Incidentally, on this forum you get inline maths with two # symbols before and after, rather than one $symbol. etotheipi and aliens123 Science Advisor Homework Helper Gold Member A particle with 4-momentum $p^a$ has 4-velocity $u^a = p^a/(\sqrt{-p_b p^b})$. That particle has energy $E=-p_a v^a$ according to the observer with 4-velocity $v^a$. (Note that $v^a v_a = -1$ [ $v^a$ is a future-directed unit timelike vector].) etotheipi, aliens123 and Ibix aliens123 Imagine we are at rest and there is a particle with momentum ##p^a.## To us, the particle has energy$E = p^0.$Imagine there is a second observer whose velocity with respect to us is ##v^a.## To them, the particle has energy ##\tilde{E} = p^a v_a = -p^0 v^0 + p^1 v^1 + p^2 v^2 + p^3 v^3.## Also though, the components of ##p^a## measured in the rest frame of the second observer will be given by $$p'^a = \Lambda (v^c)^a_{\ b} p^b$$ Where ## \Lambda (v^c)## is the Lorentz boost of velocity ##v^a.## So $$p'^0 = \tilde{E} = \Lambda (v^c)^0_{\ b} p^b = \Lambda (v^c)^0_{\ 0} p^0 + \Lambda (v^c)^0_{\ 1} p^1 + \Lambda (v^c)^0_{\ 2} p^2 + \Lambda (v^c)^0_{\ 3} p^3$$ Implying that $$\Lambda (v^c)^0_{\ 0} = -v^0, \Lambda (v^c)^0_{\ 1} = v^1, \Lambda (v^c)^0_{\ 2} = v^2, \Lambda (v^c)^0_{\ 3} = v^3$$ Is this correct? Mentor In Robert M. Wald's General Relativity he writes on page ##61##: The energy of a particle as measured by an observer - present at the site of the particle - whose 4-velocity is ##v^a## is defined by $$E=-p_a v^a$$ Thus, in special relativity, energy is recognized to be the "time component" of the 4-vector ##p^a.## Is this a typo? We get the following: $$E=-p_a v^a$$ $$E=-p_a(m \gamma) v^a / (m\gamma)$$ $$E=-p_a p^a /(m \gamma)$$ Wald is correct, that is not a typo. The last step that I quoted is wrong. The mass of the particle times the four-velocity of the observer is not the four-momentum of the particle. Edit: I see that has already been pointed out. I am just a little late. etotheipi Science Advisor Homework Helper Gold Member 2022 Award Imagine we are at rest and there is a particle with momentum ##p^a.## To us, the particle has energy$E = p^0.\$ Imagine there is a second observer whose velocity with respect to us is ##v^a.## To them, the particle has energy ##\tilde{E} = p^a v_a = -p^0 v^0 + p^1 v^1 + p^2 v^2 + p^3 v^3.##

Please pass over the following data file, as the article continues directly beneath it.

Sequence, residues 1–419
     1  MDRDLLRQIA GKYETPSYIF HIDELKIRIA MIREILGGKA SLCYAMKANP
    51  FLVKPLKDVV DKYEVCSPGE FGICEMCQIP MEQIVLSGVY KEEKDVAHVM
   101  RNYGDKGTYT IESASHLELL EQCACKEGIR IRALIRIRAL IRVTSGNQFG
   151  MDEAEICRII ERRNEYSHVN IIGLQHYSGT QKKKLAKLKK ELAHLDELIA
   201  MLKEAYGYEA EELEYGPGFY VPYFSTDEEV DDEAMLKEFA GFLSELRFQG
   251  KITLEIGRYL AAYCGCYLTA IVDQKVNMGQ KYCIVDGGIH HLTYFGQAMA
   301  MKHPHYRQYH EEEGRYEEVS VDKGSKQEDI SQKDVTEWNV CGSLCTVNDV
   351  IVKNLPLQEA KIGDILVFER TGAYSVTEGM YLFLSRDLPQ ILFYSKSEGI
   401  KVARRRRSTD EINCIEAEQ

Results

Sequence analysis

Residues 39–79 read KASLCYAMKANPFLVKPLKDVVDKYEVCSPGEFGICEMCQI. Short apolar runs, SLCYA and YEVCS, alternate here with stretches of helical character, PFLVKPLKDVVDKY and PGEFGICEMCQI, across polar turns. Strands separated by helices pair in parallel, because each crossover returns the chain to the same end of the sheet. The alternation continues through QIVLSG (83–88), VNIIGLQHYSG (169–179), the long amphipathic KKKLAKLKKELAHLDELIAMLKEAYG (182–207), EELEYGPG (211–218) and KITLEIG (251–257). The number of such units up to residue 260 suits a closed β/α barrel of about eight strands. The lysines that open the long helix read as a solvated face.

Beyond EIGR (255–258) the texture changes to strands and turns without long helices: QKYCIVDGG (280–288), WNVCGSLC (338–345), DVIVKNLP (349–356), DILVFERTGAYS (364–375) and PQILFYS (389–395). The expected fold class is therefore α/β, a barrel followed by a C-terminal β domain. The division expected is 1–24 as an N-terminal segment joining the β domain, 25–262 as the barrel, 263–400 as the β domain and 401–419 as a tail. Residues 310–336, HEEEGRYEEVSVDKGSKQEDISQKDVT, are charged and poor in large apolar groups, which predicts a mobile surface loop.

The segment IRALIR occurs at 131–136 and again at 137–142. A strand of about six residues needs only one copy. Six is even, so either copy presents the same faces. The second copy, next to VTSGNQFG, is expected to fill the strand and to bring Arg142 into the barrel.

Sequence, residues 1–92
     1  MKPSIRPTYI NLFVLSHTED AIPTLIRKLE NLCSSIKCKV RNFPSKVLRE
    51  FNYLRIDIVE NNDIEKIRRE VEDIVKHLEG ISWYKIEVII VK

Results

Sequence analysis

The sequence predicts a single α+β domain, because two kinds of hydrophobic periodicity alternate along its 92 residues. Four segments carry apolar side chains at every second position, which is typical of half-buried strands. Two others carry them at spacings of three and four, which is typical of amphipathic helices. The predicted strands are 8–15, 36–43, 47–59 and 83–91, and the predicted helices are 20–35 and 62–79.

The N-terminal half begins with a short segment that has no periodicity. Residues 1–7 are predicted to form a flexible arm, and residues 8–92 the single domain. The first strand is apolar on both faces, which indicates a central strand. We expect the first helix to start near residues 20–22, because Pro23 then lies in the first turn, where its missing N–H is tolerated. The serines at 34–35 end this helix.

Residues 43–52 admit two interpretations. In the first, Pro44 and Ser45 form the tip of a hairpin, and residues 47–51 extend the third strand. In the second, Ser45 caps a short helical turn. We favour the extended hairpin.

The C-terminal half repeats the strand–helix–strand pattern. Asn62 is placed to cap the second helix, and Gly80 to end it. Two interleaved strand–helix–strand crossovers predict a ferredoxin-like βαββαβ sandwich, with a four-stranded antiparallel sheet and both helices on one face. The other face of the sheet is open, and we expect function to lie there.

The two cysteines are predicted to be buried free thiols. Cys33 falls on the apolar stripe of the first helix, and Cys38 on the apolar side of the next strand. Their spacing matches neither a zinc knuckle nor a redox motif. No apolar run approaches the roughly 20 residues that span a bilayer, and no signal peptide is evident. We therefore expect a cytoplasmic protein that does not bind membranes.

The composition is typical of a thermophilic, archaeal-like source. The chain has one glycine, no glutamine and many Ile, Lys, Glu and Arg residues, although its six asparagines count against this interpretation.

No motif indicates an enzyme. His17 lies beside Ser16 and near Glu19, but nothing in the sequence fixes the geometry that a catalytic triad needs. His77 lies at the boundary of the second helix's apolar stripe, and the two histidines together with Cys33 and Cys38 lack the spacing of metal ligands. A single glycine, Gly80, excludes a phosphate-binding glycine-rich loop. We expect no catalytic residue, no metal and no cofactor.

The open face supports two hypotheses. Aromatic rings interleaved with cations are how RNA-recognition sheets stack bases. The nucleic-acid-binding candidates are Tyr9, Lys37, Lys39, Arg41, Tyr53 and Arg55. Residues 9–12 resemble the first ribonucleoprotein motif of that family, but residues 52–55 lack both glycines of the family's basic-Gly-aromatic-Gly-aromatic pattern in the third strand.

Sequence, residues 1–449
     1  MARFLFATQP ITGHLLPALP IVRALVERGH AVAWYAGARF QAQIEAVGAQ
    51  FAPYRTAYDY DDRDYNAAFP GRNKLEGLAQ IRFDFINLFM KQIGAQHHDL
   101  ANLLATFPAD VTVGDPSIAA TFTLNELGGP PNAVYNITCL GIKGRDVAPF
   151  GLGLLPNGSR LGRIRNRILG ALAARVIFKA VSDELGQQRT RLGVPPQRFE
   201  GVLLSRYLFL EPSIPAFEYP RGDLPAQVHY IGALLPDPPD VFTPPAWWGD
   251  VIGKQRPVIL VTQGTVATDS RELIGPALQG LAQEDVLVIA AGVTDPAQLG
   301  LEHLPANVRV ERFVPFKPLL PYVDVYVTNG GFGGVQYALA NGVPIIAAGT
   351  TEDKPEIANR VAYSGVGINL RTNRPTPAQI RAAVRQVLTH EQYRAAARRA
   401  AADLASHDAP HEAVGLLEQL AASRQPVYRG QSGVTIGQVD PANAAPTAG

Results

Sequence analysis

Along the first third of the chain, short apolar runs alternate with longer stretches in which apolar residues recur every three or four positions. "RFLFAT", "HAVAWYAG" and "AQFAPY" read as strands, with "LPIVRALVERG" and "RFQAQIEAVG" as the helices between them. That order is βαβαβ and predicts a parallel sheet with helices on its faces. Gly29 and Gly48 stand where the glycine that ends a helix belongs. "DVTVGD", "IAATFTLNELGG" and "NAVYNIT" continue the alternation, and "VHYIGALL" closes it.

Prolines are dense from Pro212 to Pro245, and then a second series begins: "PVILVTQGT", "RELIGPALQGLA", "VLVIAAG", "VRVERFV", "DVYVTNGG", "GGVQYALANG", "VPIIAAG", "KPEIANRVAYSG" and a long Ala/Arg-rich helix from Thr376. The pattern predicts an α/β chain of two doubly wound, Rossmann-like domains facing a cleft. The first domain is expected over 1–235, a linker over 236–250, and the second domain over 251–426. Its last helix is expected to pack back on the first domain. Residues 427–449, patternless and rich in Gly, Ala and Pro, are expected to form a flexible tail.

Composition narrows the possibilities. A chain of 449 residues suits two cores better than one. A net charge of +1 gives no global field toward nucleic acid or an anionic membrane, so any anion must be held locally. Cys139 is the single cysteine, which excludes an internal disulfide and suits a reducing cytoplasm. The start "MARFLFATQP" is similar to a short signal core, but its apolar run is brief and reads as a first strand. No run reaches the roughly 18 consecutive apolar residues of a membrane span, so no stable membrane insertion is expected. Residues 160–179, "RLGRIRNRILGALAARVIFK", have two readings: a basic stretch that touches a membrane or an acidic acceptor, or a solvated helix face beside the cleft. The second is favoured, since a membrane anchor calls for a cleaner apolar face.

Also though, the components of ##p^a## measured in the rest frame of the second observer will be given by
$$p'^a = \Lambda (v^c)^a_{\ b} p^b$$
Where ## \Lambda (v^c)## is the Lorentz boost of velocity ##v^a.## So
$$p'^0 = \tilde{E} = \Lambda (v^c)^0_{\ b} p^b = \Lambda (v^c)^0_{\ 0} p^0 + \Lambda (v^c)^0_{\ 1} p^1 + \Lambda (v^c)^0_{\ 2} p^2 + \Lambda (v^c)^0_{\ 3} p^3$$
Implying that $$\Lambda (v^c)^0_{\ 0} = -v^0, \Lambda (v^c)^0_{\ 1} = v^1, \Lambda (v^c)^0_{\ 2} = v^2, \Lambda (v^c)^0_{\ 3} = v^3$$
Is this correct?
I'm not sure I follow what you're doing there. In any case, the inner product of two four-vectors is invariant. It's a good exercise to show this for four-vectors ##\mathbf{A, B}## generally:
$$\mathbf{A} \cdot \mathbf{B} = A_aB^a = A^aB_a$$ is invariant.

In this particular case, as ##E = -\mathbf{p} \cdot \mathbf{v}## is the energy of the particle in the observer's rest frame, it is the energy of the particle (as measured by the observer) in all frames. That is, in another frame, both ##\mathbf p## and ##\mathbf v## transform according to the four-vector transformation rules, but the inner product is invariant.

Note the invariance of the inner product (and, in fact, all scalars) is an absolutely fundamental result in relativity.

aliens123
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In Robert M. Wald's General Relativity he writes on page ##61##:

The energy of a particle as measured by an observer - present at the site of the particle - whose 4-velocity is ##v^a## is defined by
$$E=-p_a v^a$$
Thus, in special relativity, energy is recognized to be the "time component" of the 4-vector ##p^a.##

Is this a typo? We get the following: